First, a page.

Video

SAPinsider Chats with LLamasoft’s Toby Brzoznowski on the Importance of Supply Chain Design

Video Transcription

Ken:
Good afternoon. This is Ken Murphy with SAPInsider and I’m here at the SAPInsider SCM 2013 event and I’m pleased to be joined today with Toby Brzoznowski, he’s the executive VP and co-founder of LLmasoft. Toby, thanks for being with us today.

Toby:
Thanks for having me Ken.

Ken:
Can you start with an overview of LLamasoft; describe the company and the business and what you do.

Toby:
Absolutely. LLamasoft is focused on supply chain design. It sits alongside of planning and execution. Basically helps companies model their end-to-end supply chain, come up with new ideas and new strategies for improving their business.

Ken:
Okay. You’ll have a presentation here where you will focus on the historical factors in supply chain design, just wondering what are some of the mistakes that companies make in designing their supply chain and what should companies be aware of?

Toby:
Supply chain has evolved over time for most people. You make a decision on adding a new product to the mix. Where do I make it, where do I have capacity? Or as I’m making sourcing decisions I try to figure out where can I get the best deal today. Or as I’m bidding out my transportation, I’m trying to figure out what’s the right cost that I can get, but you never really think about it from an end-to-end supply chain perspective. If you had done this differently and actually engineered the entire supply chain along the way, thinking about the total cost and the total landing cost or the total cost to serve each of your products to each of the markets, you’d design things very differently and a lot of times where I might make a decision that says, “I need to have the lowest possible inventory.”

That will be great as long as you don’t have other factors that might say, “But if I had 3 times the inventory, I could reduce my transportation costs and the overall end-to-end benefit to the company is a lot far superior.”

Ken:
Okay. What about a difference between say supply chain design versus supply chain planning?

Toby:
It’s a good question. Planning and execution, basically, what you have today, the planning and execution systems help you automate those things. I want to become more efficient with my transportation network. I’m going to implement top of the market TMS system. I want to automate and streamline and make the most efficient possible warehouse operations, I’ve got a WMS system for that. My production planning system is going to automate and streamline the production system for the supply chain that I have today. What if the supply chain that I have today or the structure that I have or the design isn’t correct? That’s what we are looking at. Is trying to figure out, how do you push the bar and how do you make something even better?

Design is using all of that historical information as a starting point to give you the ‘what if’ capabilities to really figure out what’s the next level that you can get to.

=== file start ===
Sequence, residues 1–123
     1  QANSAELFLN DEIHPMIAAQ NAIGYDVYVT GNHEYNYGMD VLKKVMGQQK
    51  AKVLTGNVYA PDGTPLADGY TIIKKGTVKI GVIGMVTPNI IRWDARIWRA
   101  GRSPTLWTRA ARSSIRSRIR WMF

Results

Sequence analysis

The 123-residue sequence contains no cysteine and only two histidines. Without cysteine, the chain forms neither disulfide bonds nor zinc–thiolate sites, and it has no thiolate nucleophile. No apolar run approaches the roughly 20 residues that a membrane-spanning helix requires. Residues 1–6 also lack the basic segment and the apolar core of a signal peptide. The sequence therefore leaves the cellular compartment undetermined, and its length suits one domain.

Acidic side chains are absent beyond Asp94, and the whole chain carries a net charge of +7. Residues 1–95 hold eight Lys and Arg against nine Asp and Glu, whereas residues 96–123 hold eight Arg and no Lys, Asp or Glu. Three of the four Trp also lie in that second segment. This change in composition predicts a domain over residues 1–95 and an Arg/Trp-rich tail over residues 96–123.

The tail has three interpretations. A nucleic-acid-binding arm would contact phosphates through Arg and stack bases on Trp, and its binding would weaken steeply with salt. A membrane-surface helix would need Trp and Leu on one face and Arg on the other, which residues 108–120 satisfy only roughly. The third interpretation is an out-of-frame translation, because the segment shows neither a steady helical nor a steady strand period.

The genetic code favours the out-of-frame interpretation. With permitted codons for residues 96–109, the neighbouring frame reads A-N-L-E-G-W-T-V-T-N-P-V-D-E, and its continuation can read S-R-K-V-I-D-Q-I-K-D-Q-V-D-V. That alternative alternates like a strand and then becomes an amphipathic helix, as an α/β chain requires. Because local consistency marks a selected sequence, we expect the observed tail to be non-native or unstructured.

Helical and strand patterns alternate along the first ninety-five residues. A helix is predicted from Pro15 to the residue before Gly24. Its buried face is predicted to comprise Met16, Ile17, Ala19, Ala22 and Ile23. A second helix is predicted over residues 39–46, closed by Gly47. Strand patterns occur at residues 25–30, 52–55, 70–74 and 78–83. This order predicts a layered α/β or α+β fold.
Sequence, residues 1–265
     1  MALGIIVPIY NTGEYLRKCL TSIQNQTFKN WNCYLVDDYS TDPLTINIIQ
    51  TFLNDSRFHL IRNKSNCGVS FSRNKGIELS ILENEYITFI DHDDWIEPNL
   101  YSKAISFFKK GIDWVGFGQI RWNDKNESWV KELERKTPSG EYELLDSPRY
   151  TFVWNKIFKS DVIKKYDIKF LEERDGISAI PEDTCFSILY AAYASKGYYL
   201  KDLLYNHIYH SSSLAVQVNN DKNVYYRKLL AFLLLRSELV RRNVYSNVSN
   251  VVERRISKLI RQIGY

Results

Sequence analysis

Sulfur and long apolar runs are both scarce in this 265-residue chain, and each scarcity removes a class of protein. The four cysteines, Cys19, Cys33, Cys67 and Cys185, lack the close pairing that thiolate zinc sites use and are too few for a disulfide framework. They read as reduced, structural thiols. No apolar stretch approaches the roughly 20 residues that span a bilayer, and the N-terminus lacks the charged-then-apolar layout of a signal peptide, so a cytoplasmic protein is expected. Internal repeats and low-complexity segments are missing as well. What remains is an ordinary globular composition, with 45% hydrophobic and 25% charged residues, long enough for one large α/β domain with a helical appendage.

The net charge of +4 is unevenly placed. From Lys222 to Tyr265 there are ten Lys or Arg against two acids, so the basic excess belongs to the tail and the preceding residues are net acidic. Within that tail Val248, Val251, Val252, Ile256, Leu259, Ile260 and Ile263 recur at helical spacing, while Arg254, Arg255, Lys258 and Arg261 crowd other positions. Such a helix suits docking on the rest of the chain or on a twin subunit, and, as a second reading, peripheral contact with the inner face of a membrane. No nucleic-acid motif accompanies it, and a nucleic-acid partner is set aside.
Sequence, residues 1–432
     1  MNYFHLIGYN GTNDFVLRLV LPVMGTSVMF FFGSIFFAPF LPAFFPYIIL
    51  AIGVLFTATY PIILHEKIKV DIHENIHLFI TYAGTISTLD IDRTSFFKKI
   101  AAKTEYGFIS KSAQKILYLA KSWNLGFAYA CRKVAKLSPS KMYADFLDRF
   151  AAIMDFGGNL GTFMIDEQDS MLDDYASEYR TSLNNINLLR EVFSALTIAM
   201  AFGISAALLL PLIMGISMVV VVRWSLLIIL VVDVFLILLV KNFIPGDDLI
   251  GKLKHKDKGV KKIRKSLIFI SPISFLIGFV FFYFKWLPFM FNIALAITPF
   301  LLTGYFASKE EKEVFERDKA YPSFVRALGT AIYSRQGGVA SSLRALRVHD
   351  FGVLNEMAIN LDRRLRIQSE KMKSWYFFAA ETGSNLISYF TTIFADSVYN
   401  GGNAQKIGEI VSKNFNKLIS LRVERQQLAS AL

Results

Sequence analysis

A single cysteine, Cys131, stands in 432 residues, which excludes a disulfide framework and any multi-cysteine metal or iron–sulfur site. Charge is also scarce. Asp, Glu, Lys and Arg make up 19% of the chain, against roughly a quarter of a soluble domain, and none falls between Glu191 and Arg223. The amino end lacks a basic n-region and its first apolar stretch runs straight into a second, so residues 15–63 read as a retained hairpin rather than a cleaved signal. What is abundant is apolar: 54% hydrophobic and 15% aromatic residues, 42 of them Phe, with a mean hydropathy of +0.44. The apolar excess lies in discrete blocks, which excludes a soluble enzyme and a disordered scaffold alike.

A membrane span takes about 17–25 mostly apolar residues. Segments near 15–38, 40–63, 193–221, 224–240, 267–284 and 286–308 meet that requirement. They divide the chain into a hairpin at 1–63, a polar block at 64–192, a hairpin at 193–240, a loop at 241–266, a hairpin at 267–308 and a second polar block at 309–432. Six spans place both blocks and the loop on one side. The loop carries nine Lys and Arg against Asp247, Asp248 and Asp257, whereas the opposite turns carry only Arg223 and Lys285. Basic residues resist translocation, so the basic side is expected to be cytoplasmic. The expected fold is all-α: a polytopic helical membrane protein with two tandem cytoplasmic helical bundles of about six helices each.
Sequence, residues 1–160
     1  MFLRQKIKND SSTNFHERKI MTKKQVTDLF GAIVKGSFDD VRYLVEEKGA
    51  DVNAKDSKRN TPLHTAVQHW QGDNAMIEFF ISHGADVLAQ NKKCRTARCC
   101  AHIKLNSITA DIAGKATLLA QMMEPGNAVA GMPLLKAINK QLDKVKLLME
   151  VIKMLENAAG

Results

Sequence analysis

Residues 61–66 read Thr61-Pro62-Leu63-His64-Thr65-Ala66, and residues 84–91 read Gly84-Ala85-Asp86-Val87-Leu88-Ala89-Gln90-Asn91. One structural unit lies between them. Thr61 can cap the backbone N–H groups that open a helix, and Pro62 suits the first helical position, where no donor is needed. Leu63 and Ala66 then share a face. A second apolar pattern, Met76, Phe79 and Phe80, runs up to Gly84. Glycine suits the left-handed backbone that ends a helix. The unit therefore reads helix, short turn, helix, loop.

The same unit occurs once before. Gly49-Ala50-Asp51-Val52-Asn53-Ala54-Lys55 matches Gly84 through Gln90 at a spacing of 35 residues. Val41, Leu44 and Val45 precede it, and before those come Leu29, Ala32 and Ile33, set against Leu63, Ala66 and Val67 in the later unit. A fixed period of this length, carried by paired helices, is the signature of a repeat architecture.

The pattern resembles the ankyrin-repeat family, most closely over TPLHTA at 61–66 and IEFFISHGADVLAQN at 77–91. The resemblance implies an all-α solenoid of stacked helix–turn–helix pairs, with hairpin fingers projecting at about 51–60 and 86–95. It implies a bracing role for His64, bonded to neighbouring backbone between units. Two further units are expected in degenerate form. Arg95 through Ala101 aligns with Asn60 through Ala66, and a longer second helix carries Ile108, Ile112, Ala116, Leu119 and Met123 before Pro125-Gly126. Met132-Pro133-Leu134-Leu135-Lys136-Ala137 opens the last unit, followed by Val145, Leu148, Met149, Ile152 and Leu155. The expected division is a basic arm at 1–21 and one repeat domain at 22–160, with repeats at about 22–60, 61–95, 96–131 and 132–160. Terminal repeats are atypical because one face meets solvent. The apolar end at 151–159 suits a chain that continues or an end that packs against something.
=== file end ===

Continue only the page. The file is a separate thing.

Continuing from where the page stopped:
Ken:
Today obviously everybody is speaking about mobility. I’m just wondering how transformative mobility is in the supply chain space and maybe there is examples of ways that companies can leverage mobility.

Toby:
Now that a lot of companies have kind of created these supply chain design centers of excellence and they have started to use modelling as part of their everyday business. These models have historically been operated by engineers, have been operated by analysts, but they haven’t been accessible on an everyday basis to the executives. This is where I think the mobile is coming in. You can take these models, but then make them portable. Put them in the hands of the people in the boardrooms, people in the SNLP decision centers, and give them the ability to use those models to do really quick ‘what if analysis.’ If I try this strategy, how is that going to impact my service? How is that going to impact my cost?

If I really were to suddenly change the focus and go to this new market or demand changes, how is that going to affect my business? The mobile platform is a great place to leverage those models, but give access to people that normally wouldn’t have access to them.

Ken:
Lastly, if you were to give one piece of advice for companies who are looking to really optimize their supply chain in today’s environment, what do you think that would be?

Toby:
The main thing is don’t be focused on optimizing a section or a silo of the business. Don’t optimize your procurement. Don’t optimize your inventory or operation. Don’t optimize your transportation. Optimize your entire operations from a perspective of what’s the goal for the company and the right balance between service and cost and sustainability and risk. When you do that, individual numbers may change, but if you are not incented by individual division goals, you are incented by the overall end-to-end supply chain goal, that’s where you make the biggest benefit.

Ken:
Great. We’ve been talking today with Toby Brzoznowski who is the executive VP and co-founder of LLamasoft here at the SCM 2013 event. Toby, thank you again for joining us.

Toby:
Thanks for having me.

Ready to learn more? Click to request a live demo with the LLamasoft team.

Request A Demo